Climbing through COVID: High Country climbers thrive amidst the pandemic

Daelan%2C+an+avid+climber+in+Boone%2C+NC%2C+is+able+to+keep+strong+during+the+bouldering+season+by+climbing+with+a+mask+on+at+Center+45+on+October+1.

Samuel Cooke

Daelan, an avid climber in Boone, NC, is able to keep strong during the bouldering season by climbing with a mask on at Center 45 on October 1.

Tucker Wulff, Associate A&C Editor

Amidst a global pandemic, when many view sports teams and athletic events as a serious risk due to outbreaks in professional and collegiate franchises, the climbing community in the High Country is thriving indoors and out. 

Daniel Gajda, an App State alumni and professional climbing photographer, said while there are aspects of the climbing industry that are hurting, in general, the pandemic hasn’t deterred the sport. 

“The climbing industry has just been growing exponentially over the last couple of years,” Gajda said. “I haven’t seen the growth stop.” 

Though policies and rules of operation have changed at the climbing gym in the App State Student Recreation Center and Center 45, an indoor bouldering gym in Boone, both reported positive results with enthusiastic patrons happy to follow the new safety guidelines. 

Center 45 is operating under a limited capacity and changed to a “members-only” status. 

Aaron Parlier, general manager and co-owner of Center 45, said the gym chose to restrict its capacity as a service to those dedicated to the gym who would otherwise potentially have to compete for a reserved space inside. 

“That kind of limits the folks that will be in the gym to people who are, at the very least, a student at App State or someone who lives in the western North Carolina area,” Parlier said, “versus someone rolling in from wherever just because it’s raining outside.”

The climbing wall in the App State SRC is operating under a limited capacity of five climbers per 90-minute pre-registered session. As of Sept. 29, Outdoor Programs, the office in charge of the climbing wall, is limiting climbers to bouldering with no top rope or lede climbing available.

Members at Center 45 must wait to have their temperature taken before they enter the gym. (Samuel Cooke)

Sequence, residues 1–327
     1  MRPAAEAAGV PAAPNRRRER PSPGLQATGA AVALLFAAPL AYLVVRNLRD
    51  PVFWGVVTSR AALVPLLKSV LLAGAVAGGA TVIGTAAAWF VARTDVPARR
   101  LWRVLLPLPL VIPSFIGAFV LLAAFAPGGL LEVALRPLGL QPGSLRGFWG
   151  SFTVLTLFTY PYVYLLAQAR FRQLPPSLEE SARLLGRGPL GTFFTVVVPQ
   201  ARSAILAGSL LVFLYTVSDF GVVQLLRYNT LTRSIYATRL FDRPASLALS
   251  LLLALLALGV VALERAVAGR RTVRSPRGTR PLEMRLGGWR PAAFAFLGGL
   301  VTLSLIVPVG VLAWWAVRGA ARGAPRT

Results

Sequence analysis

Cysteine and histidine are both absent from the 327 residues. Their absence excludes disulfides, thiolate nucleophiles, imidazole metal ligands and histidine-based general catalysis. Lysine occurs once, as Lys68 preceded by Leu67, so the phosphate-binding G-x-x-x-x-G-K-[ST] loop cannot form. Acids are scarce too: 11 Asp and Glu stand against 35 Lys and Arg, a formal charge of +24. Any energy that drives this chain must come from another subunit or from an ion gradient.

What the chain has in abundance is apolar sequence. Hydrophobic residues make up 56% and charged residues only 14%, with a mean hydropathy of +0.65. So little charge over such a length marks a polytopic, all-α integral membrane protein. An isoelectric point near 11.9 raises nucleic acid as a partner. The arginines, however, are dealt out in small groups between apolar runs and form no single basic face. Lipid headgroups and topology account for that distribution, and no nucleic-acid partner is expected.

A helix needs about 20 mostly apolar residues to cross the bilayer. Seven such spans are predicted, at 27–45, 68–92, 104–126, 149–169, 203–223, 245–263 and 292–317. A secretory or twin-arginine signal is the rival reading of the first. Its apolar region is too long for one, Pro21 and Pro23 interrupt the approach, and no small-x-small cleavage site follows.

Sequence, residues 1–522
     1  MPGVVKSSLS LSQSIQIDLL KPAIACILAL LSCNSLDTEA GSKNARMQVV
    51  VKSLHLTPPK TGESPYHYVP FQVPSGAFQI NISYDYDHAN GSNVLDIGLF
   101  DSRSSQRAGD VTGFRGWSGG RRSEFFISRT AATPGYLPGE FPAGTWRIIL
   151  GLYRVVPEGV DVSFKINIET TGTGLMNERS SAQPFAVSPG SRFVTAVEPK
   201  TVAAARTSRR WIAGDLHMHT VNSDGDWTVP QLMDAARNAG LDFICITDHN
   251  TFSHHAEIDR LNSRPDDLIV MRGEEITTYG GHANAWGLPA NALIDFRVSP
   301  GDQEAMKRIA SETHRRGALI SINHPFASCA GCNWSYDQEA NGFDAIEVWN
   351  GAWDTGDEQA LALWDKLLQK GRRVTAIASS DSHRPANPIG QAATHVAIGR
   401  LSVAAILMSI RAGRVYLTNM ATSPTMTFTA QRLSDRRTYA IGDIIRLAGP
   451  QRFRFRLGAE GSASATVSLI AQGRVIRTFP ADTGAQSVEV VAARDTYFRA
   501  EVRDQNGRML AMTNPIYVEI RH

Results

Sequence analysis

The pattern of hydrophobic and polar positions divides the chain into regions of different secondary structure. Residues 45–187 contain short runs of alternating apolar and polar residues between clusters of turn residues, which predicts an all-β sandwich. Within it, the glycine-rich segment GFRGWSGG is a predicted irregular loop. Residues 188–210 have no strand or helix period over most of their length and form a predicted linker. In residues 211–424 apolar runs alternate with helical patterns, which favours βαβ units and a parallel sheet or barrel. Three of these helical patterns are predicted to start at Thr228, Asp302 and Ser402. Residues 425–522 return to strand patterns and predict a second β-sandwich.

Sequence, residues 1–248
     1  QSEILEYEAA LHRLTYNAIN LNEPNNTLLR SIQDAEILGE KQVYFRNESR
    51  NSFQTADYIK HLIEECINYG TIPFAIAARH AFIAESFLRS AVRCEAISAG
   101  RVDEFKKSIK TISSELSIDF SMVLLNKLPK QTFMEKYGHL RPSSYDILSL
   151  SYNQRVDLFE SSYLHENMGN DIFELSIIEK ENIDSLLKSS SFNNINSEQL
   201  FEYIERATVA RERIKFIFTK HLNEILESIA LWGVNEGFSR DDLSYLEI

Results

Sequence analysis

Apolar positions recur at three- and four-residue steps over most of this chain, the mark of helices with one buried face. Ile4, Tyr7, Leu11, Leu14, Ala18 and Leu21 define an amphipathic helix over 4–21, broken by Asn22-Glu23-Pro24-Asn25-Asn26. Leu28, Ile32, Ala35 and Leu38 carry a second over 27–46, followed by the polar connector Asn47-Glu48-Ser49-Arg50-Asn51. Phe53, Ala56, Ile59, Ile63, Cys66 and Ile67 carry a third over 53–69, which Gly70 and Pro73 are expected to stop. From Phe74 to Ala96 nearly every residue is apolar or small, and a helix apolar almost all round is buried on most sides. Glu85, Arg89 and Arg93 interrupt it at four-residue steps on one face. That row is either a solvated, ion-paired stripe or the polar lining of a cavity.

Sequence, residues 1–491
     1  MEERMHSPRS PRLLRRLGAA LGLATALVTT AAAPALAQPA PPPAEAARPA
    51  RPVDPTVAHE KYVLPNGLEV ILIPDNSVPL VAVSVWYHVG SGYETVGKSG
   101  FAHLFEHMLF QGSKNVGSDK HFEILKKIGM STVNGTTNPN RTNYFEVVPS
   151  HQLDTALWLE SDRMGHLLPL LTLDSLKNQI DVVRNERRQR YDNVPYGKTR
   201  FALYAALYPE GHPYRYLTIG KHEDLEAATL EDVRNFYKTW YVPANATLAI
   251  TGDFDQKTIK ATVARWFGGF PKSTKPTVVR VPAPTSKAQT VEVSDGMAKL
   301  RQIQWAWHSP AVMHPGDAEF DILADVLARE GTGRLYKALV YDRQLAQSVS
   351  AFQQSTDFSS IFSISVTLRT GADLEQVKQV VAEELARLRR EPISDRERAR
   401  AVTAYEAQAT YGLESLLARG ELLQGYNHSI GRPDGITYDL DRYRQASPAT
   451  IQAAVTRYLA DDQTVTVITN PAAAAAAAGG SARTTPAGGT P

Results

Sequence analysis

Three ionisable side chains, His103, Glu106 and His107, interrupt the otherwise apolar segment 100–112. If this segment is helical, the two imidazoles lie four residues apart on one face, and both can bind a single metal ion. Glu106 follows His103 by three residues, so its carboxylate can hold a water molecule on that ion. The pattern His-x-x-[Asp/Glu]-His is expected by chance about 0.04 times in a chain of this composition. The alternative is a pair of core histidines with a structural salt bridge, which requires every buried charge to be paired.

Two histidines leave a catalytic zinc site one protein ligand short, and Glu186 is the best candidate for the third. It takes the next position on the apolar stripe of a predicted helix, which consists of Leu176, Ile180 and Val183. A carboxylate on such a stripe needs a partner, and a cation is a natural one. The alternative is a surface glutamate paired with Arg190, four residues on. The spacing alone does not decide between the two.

Despite limitations, however, sessions in the SRC’s space are often completely filled, Robert Riddle, coordinator for Outdoor Programs, wrote in an email. 

“Climbers have been excited to get back in the gym,” Riddle said, “and our staff is excited to be back working at the wall.” 

Similarly, members of Center 45 have been happy to be back in the gym even with extra safety precautions like wearing masks, socially distancing and frequently washing their hands, Parlier said. 

“This indoor environment was shut down for 100 days, lock and key,” Parlier said. “Folks in right now are very happy to have a space that’s back open. I’m in here basically four days out of the week, and I’m yet to encounter someone that came in that had an issue.”  

Climbers are also testing their skills safely outside throughout the pandemic. Parlier said when the lockdown first started, climbing gym closures pushed people to find outside climbing spots.

Though Center 45 sees fewer climbers when the weather is nice, Parlier said that is exactly what he hopes for. 

“I’m never disappointed whenever I come into the gym, and it’s beautiful outside, and it’s empty,” he said. “That, to me, is one of the most incredible things about being here in the High Country.” 

Carter Smith, youth coach and assistant manager at Center 45, said he thinks climbing is still thriving because it combines community, exercise and a meditative outlet all in one activity. 

“I always joke that climbing is like a mix between gymnastics and ballet, both an art form as well as a physical sport,” Smith said.